Donald Trump May Find Time To Live-Tweet James Comey's Testimony

This could get interesting.

President Donald Trump may live-tweet fired FBI Director James Comey’s highly anticipated Senate testimony on Thursday, pursuing a habit that frequently causes trouble for his administration.

Trump will weigh in “if he feels the need to respond” to anything Comey says, The Washington Post’s Robert Costa reported on Tuesday.

“I was just talking to some White House officials this morning and their view is that the president himself wants to be the messenger, his own warrior, his own lawyer, his own spokesman,” Costa said on MSNBC. “The president is expected to be tweeting on Thursday in response to Comey, not to stay quiet during the testimony, because he himself wants to be the one driving the process.”

When asked if Trump would be watching the hearing, White House press secretary Sean Spicer, who frequently defends his boss’ unhinged ramblings, demurred.

“It’s going to be a very busy day, as all of his days are,” Spicer said during the daily White House press briefing.

Trump will give a speech at a conservative conference in Washington on Thursday at 11:30 a.m. ― during Comey’s hearing. But it would be unsurprising for him to tune in to Comey’s testimony before or after the speech with unfiltered commentary on Twitter.

The president regularly watches cable news shows, and often cites them in his early-morning Twitter rants. He seems to follow Trump-friendly “Fox and Friends” closely, often tweeting arguments made on the program almost verbatim and re-tweeting from the show’s Twitter account.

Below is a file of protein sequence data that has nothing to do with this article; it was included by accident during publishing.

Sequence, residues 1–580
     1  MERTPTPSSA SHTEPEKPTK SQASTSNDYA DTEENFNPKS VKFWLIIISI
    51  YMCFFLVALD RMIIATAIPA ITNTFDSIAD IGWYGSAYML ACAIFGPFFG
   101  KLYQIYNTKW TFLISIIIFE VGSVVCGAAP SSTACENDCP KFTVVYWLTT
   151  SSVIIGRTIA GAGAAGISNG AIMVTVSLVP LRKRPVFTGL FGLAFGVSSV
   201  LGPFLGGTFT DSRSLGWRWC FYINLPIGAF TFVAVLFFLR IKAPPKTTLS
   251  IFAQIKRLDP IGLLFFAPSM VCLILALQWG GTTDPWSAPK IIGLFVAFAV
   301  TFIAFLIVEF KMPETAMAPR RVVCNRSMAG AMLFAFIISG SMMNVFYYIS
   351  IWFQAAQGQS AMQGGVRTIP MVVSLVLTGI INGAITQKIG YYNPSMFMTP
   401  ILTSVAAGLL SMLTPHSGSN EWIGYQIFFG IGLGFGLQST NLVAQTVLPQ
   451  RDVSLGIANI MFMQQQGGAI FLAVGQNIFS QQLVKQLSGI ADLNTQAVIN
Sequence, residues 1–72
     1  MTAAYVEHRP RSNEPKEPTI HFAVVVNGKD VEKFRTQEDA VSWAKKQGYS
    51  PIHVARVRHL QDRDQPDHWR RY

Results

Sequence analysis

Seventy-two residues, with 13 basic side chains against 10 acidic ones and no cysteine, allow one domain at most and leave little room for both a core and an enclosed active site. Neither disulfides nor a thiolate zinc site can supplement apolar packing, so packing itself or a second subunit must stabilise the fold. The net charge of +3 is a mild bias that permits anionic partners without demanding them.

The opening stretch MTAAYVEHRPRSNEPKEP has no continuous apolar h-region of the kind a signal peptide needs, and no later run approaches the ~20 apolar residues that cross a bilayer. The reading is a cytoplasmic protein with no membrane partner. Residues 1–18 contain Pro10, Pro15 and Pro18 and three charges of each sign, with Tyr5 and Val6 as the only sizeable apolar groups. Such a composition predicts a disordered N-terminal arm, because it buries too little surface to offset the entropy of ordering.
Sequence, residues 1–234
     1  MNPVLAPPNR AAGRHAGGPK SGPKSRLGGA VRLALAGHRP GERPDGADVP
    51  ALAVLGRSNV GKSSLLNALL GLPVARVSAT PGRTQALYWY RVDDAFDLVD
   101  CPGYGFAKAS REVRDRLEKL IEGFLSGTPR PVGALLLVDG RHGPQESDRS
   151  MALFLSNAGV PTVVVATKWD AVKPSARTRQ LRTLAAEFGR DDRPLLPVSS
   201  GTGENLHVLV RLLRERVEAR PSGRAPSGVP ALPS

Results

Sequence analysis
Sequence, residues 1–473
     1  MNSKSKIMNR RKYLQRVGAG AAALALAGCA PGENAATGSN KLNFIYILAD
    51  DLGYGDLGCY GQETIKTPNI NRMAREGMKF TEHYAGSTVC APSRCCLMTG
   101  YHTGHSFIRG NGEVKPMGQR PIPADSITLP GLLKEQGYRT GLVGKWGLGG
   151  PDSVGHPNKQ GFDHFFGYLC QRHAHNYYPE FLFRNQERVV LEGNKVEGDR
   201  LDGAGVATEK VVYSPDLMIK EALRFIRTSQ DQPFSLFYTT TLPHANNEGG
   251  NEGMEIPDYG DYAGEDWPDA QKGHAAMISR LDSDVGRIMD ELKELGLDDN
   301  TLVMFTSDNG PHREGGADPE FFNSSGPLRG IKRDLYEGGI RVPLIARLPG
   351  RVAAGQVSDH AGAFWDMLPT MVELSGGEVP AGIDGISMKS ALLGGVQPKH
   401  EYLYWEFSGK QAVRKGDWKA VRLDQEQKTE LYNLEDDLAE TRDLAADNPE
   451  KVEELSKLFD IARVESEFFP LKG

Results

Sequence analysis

Just on Tuesday morning, Trump re-tweeted two clips from "Fox and Friends."
Just on Tuesday morning, Trump re-tweeted two clips from "Fox and Friends."

The White House has had difficulty defending Trump’s Twitter activity. At times, his aides claim the tweets are “official statements” that allow the president to be “an effective messenger for his agenda.” But they also distance themselves by dismissing the meanderings as just “social media.” 

Spicer on Tuesday said the tweets “are considered official statements by the president of the United States.” 

A day earlier, deputy press secretary Sarah Huckabee Sanders said Twitter gives Trump a “communications tool that isn’t filtered through media bias.” In the same sentence, she claimed that “the media obsesses over every period, dot.”

White House counselor Kellyanne Conway on Monday criticized the media for “this obsession with covering everything he says on Twitter and very little what he does as president.” 

Trump’s regularly uses Twitter to lash out at lawmakers, the courts, the media and diplomatic allies, among others.

Sometimes, his tweets land him in legal and political trouble. His rants this week promoting his executive order banning travel and immigration from six majority-Muslim countries could hurt him in the ongoing legal proceedings against the order, as several courts have already used his statements as evidence to halt the ban. 

If Trump does end up tweeting during Comey’s testimony on Thursday, creating more trouble for his administration, expect Spicer to offer this defense: The “tweet speaks for itself.” 



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